A study in Japan determined that cold water slows down heart rates and produces a calming effect. Whether you feel an attack coming on, are currently experiencing an attack, or simply want to reduce the likelihood of having an attack, splashing cold water on your face is the perfect way to calm down.
Wiggle and Fidget
Researchers in Japan found that repetitive, tactile motions also are effective at getting the mind off negative feelings and panic. Distract yourself when your nerves seem on edge with a stress ball or fidget spinner. Don’t be afraid to act silly and wiggle around to reduce tension as well.
Boost Magnesium Levels
If you have low magnesium levels, you may feel especially anxious. Magnesium is vital for calming nerves and muscles in the body, allowing normal nervous system function. Try eating green, leafy veggies, nuts, seeds, eggs, or try taking 310-350 milligrams of a magnesium supplement just before bed each night.
Give Your Anxiety a Name
Separate yourself from your anxiety by giving it a name. When you notice anxious feelings, call them out by name to take away its power. This is a helpful reminder that you are not your anxiety that provides some distance and allows you to talk to it.
After you’ve acknowledged your anxiety, explore how it feels with questions. This anxiety-busting hack may seem counterintuitive because your first instinct may be to hide from your feelings, but driving into your feelings deeper and acting curious about your anxiety can help you understand why you feel the way you do, break your cycle of overthinking, and grasp misplaced emotions.
Try an Adult Coloring Book
Calming activities like coloring is proven to help anxiety. Grab a coloring book and you will find that the process calms down your amygdala, which is the piece of the brain responsible for the fight or flight response and makes some people feel an overwhelming sense of worry and hypervigilance. Studies have shown coloring geometric patterns are especially helpful and relaxing.
Drink an Herbal Tea
Herbal remedies, like in tea form, were used long before traditional medicine thanks to its healing properties. It’s a natural way to cure yourself at home, without a doctor’s assistance. There are herbs for any ailment, and the herbs particularly helpful in lowering anxiety include:
Listen to Soothing Music
Soothing music can help lower stress levels and stop anxiety in its tracks. Studies show classical music is perfect to slow your heart rate and pulse, lower the production of stress hormones, and reduce blood pressure. But you can listen to anything you find relaxing to reap the benefits. Listening also aids attacks by giving you something to external to focus on. Make a playlist, sing along, and dance in your seat.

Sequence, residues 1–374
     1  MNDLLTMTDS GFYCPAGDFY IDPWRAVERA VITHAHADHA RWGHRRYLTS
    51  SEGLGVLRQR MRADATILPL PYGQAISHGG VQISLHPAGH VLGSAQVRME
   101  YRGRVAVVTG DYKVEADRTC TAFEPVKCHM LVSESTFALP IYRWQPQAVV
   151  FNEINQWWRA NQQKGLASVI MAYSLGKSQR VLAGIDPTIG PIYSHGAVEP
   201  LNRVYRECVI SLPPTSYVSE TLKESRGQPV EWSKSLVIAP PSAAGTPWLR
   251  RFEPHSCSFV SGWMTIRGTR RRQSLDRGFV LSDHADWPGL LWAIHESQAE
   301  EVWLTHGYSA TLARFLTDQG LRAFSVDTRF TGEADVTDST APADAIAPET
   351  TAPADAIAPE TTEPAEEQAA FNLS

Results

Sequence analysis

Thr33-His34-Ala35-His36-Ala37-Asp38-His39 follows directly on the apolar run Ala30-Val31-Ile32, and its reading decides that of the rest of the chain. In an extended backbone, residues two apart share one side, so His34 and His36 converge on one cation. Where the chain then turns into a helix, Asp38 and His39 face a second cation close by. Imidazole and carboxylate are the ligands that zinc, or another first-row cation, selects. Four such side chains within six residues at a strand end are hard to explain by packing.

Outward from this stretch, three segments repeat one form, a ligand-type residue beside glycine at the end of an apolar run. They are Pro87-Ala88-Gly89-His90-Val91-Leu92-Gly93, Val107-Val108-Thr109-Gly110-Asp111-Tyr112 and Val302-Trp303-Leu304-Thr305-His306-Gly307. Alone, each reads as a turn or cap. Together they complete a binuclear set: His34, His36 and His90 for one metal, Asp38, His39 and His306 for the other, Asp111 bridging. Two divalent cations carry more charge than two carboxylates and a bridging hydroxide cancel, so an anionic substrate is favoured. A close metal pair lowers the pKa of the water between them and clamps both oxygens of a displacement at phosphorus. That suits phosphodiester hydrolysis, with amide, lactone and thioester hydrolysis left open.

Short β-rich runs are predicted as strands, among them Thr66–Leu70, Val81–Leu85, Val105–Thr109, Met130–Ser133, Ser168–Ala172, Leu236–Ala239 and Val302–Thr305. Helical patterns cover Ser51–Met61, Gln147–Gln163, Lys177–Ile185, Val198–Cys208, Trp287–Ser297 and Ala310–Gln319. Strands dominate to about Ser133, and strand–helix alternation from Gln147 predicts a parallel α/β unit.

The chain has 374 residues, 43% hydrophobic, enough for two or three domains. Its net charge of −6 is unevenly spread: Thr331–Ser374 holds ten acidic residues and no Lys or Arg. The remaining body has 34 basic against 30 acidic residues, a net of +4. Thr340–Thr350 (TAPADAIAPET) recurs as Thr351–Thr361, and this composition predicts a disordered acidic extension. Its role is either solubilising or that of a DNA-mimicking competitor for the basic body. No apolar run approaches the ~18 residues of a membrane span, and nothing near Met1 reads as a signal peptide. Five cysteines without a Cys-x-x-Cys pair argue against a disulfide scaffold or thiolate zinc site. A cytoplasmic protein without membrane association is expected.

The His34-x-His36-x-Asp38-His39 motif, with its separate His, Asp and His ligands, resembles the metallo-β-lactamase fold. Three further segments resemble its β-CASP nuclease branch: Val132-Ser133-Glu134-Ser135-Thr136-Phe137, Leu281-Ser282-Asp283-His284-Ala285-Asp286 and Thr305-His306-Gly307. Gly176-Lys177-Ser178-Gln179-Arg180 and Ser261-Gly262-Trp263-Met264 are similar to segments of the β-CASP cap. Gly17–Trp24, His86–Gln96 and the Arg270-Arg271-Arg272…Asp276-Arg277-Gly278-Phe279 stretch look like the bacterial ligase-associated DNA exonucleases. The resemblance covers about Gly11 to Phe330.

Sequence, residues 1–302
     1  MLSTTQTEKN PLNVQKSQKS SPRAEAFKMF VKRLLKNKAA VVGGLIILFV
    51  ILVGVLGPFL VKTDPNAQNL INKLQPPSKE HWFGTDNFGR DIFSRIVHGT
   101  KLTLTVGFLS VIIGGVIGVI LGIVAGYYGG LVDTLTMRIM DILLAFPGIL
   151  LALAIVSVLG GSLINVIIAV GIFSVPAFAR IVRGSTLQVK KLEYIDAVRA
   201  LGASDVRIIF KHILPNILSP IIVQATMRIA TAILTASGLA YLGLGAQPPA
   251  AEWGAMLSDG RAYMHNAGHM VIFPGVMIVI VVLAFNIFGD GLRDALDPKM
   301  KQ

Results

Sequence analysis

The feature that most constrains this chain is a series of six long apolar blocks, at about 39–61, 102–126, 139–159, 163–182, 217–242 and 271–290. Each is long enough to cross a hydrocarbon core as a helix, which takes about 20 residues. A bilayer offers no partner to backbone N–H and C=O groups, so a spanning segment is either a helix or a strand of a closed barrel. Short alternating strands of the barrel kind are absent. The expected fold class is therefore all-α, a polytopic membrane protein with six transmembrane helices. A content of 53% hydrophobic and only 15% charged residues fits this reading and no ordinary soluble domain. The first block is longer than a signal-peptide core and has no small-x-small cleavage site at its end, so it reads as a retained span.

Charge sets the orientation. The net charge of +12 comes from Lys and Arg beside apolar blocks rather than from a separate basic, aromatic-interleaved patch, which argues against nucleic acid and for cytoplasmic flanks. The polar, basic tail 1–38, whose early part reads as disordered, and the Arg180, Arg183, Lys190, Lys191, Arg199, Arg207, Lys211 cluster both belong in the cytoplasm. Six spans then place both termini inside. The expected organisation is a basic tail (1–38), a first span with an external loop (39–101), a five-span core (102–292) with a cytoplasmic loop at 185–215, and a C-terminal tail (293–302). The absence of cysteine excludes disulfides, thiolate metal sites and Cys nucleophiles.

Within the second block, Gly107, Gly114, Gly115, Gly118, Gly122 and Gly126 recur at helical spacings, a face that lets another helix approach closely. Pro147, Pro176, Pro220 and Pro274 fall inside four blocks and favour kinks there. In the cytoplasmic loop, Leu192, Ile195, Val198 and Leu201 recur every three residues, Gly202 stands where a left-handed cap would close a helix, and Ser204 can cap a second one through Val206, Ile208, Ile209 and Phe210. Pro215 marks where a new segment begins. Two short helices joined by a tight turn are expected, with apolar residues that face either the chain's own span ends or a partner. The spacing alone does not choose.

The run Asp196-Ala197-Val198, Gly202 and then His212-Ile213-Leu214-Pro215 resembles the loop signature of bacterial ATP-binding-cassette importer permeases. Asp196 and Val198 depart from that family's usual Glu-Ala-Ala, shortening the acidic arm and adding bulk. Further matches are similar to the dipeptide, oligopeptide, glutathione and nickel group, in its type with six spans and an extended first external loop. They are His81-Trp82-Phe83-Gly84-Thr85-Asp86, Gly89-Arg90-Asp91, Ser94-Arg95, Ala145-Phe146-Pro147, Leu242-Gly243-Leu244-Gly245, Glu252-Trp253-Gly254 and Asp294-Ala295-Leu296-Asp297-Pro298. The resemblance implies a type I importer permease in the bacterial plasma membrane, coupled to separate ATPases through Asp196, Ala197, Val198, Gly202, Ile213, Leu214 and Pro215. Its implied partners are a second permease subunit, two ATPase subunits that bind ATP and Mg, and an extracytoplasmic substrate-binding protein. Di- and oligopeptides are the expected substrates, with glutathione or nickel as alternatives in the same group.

Acknowledge Your Emotions
Pay attention to how you feel, as suppressing emotions leads to higher levels of anxiety. The uncomfortable feeling, even anger or frustration, may be attempting to tell you something, and sometimes all you need is to pay attention. When you feel anxious, acknowledge the feeling out loud. Don’t push your feeling to the back of your mind for another time.
Face Your Fears
It may feel like the opposite of what you want to do but facing your fears instead of avoiding them will help squash anxiety. Each time a person experiences a negative or anxious experience, their brain may trigger an avoidance response. Yet, the only way to kill the process is to step up to the things you fear.
Eat Healthy Meals
A well-balanced diet makes a healthy person, and healthy people often show lower levels of anxiety. Foods like green veggies, cashews, beef, turkey, oysters, complex carbs, eating protein like egg yolks for breakfast, and drinking plenty of water are great suggestions to help anxiety, while some processed foods like hot dogs, candy, or drinks like caffeine and alcohol actually make it worse.
Join a Support Group
Talk to other people with anxiety and know that you are not alone. The ADAA has a list of support groups you can join, some of which are online accessed via phone.
Finally, speak with a doctor or mental health professional to find other ways to manage your anxiety. They can help you form a treatment plan personalized for you, and there are treatments like psychotherapy and medications like antidepressants or antianxiety drugs you can take. The right combination of treatment options and a little time is all it takes to start feeling better.